|M.Sc Student||Yael Gilboa Ben-David|
|Subject||Study of the Effects of UV Disinfection on the|
Microbial Quality of Greywater
|Department||Department of Civil and Environmental Engineering||Supervisor||Full Professor Friedler Eran|
|Full Thesis text - in Hebrew|
The research examines the microbial quality of raw and treated greywater, assesses the efficiency of UV disinfection of greywater effluent and studies its kinetics, and provided an insight into the behavior of selected microorganisms in onsite greywater reuse systems for toilet flushing.
The research was performed in a pilot plant that treated light greywater from 14 flats. The plant consisted of two parallel sub-systems: An RBC (Rotating Biological Contactor) followed by sedimentation, and an MBR (Membrane bio-reactor). Effluents of the two sub-systems were disinfected by UV irradiation and pumped to two simulative reuse systems.
Residence time distributions and the flow regimes in the UV reactors were determined by tracer experiments at various theoretical residence times. UV radiation intensity was experimentally measured and calculated by actinometery (photochemical reaction).
The required UV dose was determined by batch experiments which examined the kinetics, survival and regrowth of selected bacteria. At low doses (up to 69 mW·s/cm2) fecal coliforms (FC) were signaled as the most resistant bacteria, followed by HPC (Heterotrophic Plate Count), P. aeruginosa sp., and S. aureus sp. Microscopic examination indicated that FC tend to aggregate in greywater effluent. These aggregates may provide shelter to FC and therefore contribute to their increased resistance to UV irradiation. Nevertheless, unlike the other bacteria, HPC was not totally removed from the effluent even at high UV doses, exhibiting "tailing" kinetics.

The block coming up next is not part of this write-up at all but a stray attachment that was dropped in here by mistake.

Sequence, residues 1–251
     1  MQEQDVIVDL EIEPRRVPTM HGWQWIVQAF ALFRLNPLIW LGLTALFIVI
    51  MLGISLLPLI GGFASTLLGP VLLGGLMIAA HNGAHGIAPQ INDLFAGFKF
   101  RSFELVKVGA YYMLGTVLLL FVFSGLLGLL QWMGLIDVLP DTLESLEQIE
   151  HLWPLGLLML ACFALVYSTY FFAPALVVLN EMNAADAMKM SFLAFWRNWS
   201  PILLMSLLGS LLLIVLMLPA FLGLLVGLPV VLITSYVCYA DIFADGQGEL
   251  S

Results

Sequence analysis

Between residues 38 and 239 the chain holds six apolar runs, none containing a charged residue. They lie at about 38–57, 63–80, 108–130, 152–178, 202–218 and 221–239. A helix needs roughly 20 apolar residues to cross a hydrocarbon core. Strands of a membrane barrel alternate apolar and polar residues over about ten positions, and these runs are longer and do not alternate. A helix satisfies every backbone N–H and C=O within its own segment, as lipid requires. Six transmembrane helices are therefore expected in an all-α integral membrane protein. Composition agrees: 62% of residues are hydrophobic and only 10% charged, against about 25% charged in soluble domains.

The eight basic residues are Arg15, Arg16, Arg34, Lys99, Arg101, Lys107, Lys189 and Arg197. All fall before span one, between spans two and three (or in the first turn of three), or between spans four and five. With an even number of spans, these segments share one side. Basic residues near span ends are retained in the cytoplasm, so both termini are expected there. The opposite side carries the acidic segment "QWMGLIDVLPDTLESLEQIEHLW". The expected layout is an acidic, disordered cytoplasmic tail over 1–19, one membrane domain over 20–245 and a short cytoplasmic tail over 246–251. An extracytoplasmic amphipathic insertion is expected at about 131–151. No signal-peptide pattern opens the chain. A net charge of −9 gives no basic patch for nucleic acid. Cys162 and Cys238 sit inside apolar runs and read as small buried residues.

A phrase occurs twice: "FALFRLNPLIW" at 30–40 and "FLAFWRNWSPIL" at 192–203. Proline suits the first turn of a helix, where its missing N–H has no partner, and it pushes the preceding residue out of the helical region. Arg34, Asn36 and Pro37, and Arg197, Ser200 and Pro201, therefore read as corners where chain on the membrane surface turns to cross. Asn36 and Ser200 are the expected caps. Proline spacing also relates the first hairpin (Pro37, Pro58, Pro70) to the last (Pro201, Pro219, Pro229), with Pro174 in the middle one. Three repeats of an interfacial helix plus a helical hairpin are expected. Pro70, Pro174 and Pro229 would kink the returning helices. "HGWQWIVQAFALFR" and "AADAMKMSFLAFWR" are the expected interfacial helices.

HPC regrowth was proven to be statistically significant (t-test, p<0.05) for undisinfected effluent and after irradiation with high doses (147, 439 mW·s/cm2). At high doses, regrowth resulted from growth of resistant bacteria due to decreased competition with other bacteria, which were eliminated by the irradiation. FC, P. aeruginosa sp. and S. aureus sp. did not exhibit regrowth at these experiments.
The optimal UV dose, as determined by batch experiments, was implemented in the continuous reuse systems (69 mW·s/cm2). In the reuse system (pipelines and tanks) HPC regrowth occurred. This included regrowth of opportunistic pathogens such as P. aeruginosa sp. Therefore, addition of residual disinfectant or moving the UV units closer to the reuse point is needed.
The health risk associated with disinfected greywater reuse for toilet flushing was found to be insignificant. Furthermore, the microbial quality of the disinfected greywater was found to be the same or even better than the microbial quality of "clean" water in toilet bowls flushed with potable water. The UV disinfection units totally removed viral indicators spiked into the system.